The researchers used magnets to simulate nonlinearity in a cantilever model made of a piezoelectric material, which has unique property of releasing energy every time it is bent. By changing the orientation of the magnet, the researchers were able to "tune" the bending of the arm, and thus the production of , over a broader spectrum of frequencies.

"These results suggest to us that this nonlinear approach could harvest more of the frequencies from the same ambient vibrations," Mann said. "More importantly, being able to capture more of the bandwidth would make it more likely that these types of devices would have practical uses in the real world. These nonlinear systems are self-sustaining, so they are ideal for any electrical device that needs batteries or is in a location difficult to access."

Samuel Stanton, who graduated last year, is a co-author of the paper.

Explore further: Lifting the brakes on fuel efficiency

Related Stories

Good vibrations

Mar 23, 2010

(PhysOrg.com) -- Energy harvesting - using vibrations from the environment to produce electricity - has been around for over a decade, but Dr Stephen Burrow and his team in the Department of Aerospace Engineering at the University ...

Recommended for you

Lifting the brakes on fuel efficiency

19 hours ago

The work of a research leader at Michigan Technological University is attracting attention from Michigan's Governor as well as automotive companies around the world. Xiaodi "Scott" Huang of Michigan Tech's ...

Large streams of data warn cars, banks and oil drillers

Apr 16, 2014

Better warning systems that alert motorists to a collision, make banks aware of the risk of losses on bad customers, and tell oil companies about potential problems with new drilling. This is the aim of AMIDST, the EU project ...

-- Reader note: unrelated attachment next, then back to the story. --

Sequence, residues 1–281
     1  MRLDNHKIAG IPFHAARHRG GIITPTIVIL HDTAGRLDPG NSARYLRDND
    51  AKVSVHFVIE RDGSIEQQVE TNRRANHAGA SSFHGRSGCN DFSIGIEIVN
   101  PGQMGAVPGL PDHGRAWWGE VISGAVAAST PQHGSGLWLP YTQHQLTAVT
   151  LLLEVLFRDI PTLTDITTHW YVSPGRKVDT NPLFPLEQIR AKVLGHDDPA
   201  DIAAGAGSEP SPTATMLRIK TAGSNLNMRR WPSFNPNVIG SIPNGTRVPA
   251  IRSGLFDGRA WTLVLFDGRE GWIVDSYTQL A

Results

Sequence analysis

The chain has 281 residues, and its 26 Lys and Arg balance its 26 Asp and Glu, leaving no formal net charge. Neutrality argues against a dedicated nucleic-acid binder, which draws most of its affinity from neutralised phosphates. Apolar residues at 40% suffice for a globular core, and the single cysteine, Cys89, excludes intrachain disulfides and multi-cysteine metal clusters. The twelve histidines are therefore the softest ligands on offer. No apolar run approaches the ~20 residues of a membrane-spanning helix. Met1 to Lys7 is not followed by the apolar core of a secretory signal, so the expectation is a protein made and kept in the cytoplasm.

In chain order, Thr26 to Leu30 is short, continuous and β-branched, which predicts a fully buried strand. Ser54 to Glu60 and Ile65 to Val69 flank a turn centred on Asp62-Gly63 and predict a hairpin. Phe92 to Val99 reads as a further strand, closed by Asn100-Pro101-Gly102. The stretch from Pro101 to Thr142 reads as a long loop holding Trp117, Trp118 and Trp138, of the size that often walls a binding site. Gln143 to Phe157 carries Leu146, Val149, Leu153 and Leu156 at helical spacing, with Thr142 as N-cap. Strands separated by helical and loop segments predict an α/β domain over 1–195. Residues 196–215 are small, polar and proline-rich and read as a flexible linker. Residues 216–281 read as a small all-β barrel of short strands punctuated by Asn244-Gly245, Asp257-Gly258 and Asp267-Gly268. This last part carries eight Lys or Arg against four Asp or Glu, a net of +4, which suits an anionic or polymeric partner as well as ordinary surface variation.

User comments : 2

Adjust slider to filter visible comments by rank

Display comments: newest first

jimbo92107
not rated yet Feb 21, 2012
Paging Mr. Fibonacci. Sounds like a dendritic phenomenon, branching and turning like a tree to capture motion energy as it passes from one size regime to another. Not just efficient, but pretty, too.
antialias_physorg
not rated yet Feb 22, 2012
Paging Mr. Fibonacci

More like prime numbers. You'd want to tune these multivariate energy harvesting devices to frequencies that aren't harmonics of other frequncie you're harvesting.

More news stories

Researchers uncover likely creator of Bitcoin

The primary author of the celebrated Bitcoin paper, and therefore probable creator of Bitcoin, is most likely Nick Szabo, a blogger and former George Washington University law professor, according to students ...

LinkedIn membership hits 300 million

The career-focused social network LinkedIn announced Friday it has 300 million members, with more than half the total outside the United States.

Impact glass stores biodata for millions of years

(Phys.org) —Bits of plant life encapsulated in molten glass by asteroid and comet impacts millions of years ago give geologists information about climate and life forms on the ancient Earth. Scientists ...